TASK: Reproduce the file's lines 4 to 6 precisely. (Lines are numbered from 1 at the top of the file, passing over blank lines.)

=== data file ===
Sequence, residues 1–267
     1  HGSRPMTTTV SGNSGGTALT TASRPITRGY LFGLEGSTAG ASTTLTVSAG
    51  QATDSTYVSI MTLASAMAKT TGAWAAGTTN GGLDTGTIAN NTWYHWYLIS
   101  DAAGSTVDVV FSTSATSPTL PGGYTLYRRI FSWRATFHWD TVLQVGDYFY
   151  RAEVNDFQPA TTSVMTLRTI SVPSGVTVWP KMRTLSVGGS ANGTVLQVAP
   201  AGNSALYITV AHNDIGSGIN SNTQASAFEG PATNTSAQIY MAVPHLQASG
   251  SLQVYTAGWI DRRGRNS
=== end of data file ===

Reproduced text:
   101  DAAGSTVDVV FSTSATSPTL PGGYTLYRRI FSWRATFHWD TVLQVGDYFY
   151  RAEVNDFQPA TTSVMTLRTI SVPSGVTVWP KMRTLSVGGS ANGTVLQVAP
   201  AGNSALYITV AHNDIGSGIN SNTQASAFEG PATNTSAQIY MAVPHLQASG